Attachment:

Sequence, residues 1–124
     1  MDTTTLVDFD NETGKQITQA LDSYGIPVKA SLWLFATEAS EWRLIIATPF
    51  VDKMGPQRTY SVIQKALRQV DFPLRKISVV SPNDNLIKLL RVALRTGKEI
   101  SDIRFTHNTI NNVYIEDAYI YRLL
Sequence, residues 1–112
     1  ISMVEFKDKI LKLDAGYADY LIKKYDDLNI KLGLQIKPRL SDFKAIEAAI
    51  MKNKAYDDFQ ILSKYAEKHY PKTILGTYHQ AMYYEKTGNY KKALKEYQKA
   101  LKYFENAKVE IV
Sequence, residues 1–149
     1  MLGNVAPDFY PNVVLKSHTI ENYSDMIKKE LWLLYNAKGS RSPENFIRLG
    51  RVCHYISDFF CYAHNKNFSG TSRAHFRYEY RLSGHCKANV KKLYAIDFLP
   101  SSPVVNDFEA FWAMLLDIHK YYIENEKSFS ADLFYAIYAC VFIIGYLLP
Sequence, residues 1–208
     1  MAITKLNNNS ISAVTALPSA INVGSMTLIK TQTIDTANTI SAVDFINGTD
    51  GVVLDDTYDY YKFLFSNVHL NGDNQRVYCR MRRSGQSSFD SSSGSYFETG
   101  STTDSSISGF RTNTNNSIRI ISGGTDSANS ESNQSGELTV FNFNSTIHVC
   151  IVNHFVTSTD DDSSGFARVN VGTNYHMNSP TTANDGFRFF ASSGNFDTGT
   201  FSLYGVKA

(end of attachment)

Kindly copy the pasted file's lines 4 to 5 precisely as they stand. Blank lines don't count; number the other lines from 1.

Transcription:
   101  SDIRFTHNTI NNVYIEDAYI YRLL
Sequence, residues 1–112